09/19/2021 6:00 AM
Updated 09/19/2021 10:47
55 years old, a veterinarian by profession, two decades at Cargill and a long stay in Argentina in charge of his animal nutrition business, Laerte Moraes recently had to take on another adventure within that food colossus.
This director of the starches and sweeteners division for South America was
about to opt for Argentina for a plant that makes pectin,
that soluble fiber that is a key input in the food industry and that is obtained from the peel of oranges.
lack of scale,
more than other considerations, led him to his native Brazil.
They disbursed US $ 150 million.
They will employ 120 people.
The giant's strategy
"Cargill is strategic, we have been in Argentina for 73 years with constant investments, and we continue to bet on the country and the region
even if the markets turn their backs on them," he
said in a dialogue by Zoom with
The Pectin Plant of Bebedouro, Brazil
Argentina was the first country where Cargill landed after the US in the last century.
And lately it invested in Chile in the production of food for salmon, in the processing of corn and grains in the humid pampas and in cocoa and tomatoes in Brazil.
does not see as a problem
that the orange peels go from Argentina to Bebedouro, in the interior of São Paulo, to feed what is the
largest and most modern
pectin plant in
But in Brazil there are
more suppliers of this input
that must be fresh to achieve high quality.
Thus, the orange peels travel to the Bebedouro plant and return converted into pectins to Argentina, thus replacing the
import from Europe.
This journey also confirms a reality: Argentina continues to be the farm and Brazil, the workshop.
The location Cargill chose is explained by the fact that Bebedouro has a history of almost 100 years of orange production in that region.
The citrus boom was between 1970 and 1980 and the city is called the “Brazilian California”.
Cargill produced orange juices and derivatives, a business it sold in 2004.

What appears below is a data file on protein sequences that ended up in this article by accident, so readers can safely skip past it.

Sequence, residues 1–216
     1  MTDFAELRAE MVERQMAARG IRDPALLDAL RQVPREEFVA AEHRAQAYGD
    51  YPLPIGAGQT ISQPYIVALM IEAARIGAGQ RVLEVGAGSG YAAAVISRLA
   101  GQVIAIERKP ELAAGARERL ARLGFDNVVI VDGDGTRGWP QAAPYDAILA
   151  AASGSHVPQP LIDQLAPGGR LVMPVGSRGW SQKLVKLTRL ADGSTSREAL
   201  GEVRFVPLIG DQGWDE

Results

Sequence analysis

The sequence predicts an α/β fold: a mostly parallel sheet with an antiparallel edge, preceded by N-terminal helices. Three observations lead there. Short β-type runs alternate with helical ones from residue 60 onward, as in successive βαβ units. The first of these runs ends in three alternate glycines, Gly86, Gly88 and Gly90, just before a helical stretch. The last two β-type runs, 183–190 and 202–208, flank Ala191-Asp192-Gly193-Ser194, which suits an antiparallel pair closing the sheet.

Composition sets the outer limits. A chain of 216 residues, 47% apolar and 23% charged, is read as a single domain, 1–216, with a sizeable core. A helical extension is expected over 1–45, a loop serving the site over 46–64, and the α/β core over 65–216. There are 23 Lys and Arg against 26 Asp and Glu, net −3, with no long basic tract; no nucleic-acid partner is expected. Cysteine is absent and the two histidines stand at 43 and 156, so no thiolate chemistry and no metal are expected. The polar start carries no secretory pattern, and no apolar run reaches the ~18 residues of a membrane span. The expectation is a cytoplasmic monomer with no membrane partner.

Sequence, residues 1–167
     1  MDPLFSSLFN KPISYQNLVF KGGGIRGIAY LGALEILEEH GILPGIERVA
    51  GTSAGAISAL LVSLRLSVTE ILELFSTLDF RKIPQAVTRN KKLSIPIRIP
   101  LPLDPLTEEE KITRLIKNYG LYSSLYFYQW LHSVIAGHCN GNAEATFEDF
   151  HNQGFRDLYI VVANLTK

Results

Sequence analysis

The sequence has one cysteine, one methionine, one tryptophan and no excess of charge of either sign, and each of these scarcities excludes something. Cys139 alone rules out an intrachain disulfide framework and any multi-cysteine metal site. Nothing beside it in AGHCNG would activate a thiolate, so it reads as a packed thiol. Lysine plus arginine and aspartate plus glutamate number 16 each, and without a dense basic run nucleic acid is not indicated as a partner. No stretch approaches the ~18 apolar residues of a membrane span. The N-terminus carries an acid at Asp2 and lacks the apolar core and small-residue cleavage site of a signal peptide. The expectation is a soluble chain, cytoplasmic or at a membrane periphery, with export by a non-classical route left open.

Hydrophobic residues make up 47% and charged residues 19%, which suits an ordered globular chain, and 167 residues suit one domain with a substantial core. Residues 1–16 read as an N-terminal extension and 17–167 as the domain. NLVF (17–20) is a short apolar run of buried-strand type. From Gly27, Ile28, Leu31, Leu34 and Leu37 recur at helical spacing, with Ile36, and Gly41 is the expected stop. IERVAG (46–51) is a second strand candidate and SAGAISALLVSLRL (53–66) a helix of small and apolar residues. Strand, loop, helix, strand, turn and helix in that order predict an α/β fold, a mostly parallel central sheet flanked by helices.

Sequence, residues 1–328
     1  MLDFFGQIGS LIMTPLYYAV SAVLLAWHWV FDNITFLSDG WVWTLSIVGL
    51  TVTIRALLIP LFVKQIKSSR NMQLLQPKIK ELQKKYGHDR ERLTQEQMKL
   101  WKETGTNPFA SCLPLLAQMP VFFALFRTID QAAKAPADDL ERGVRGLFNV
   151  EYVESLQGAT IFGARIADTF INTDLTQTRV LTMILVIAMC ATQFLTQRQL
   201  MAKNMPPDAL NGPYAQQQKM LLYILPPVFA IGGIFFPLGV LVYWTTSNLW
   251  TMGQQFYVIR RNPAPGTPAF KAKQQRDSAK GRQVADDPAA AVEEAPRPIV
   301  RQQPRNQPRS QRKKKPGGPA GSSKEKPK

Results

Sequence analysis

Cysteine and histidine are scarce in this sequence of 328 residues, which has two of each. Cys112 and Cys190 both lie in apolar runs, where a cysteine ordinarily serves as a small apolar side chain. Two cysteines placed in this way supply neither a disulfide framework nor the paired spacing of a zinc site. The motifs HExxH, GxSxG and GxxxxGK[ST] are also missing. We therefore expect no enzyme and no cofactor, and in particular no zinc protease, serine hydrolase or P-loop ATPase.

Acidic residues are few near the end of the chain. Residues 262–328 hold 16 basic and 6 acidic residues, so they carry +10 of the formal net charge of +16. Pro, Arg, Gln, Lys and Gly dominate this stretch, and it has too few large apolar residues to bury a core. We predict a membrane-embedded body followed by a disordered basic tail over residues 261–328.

The importance of pectin
Bebedouro's is Cargill's fourth pectin plant.
“Some time ago, such a high investment would not be justified to deliver a next generation unit with a focus on pectin.
Today, that is our greatest achievement and we are placing Brazil and the region as a reference for other countries, ”says Moraes.
The geographical location
facilitates the access of the raw materials,
since the oranges are grown a few kilometers from the factory.
The demand for pectin places Cargill as a supplier in a sector that is growing influenced by the consumption of acidic dairy drinks, yogurt, jams, sweets and candies, which are some of the main destinations for pectin.
"Our new factory also supplies a
new type of consumer,
more demanding with the origin of the products and more attentive to the different sugar content in the products", completes Laerte Moraes.
Pectin even works as a substitute for gelatin in diets free of animal protein.
Cargill with 155 years of life and its heart in Minneapolis, United States, continues in the
hands of its cousins Cargill and Mac Millan
with its feet in 125 countries and in all the rungs of the agro-industrial chain.
In Argentina it has 3,200 employees distributed in 65 operating centers that export to 70 countries.
When Moraes is asked about decision-making in a global scenario of so much uncertainty, he confesses: "We are not flexible but
we have enormous execution capacity
and that is our great advantage."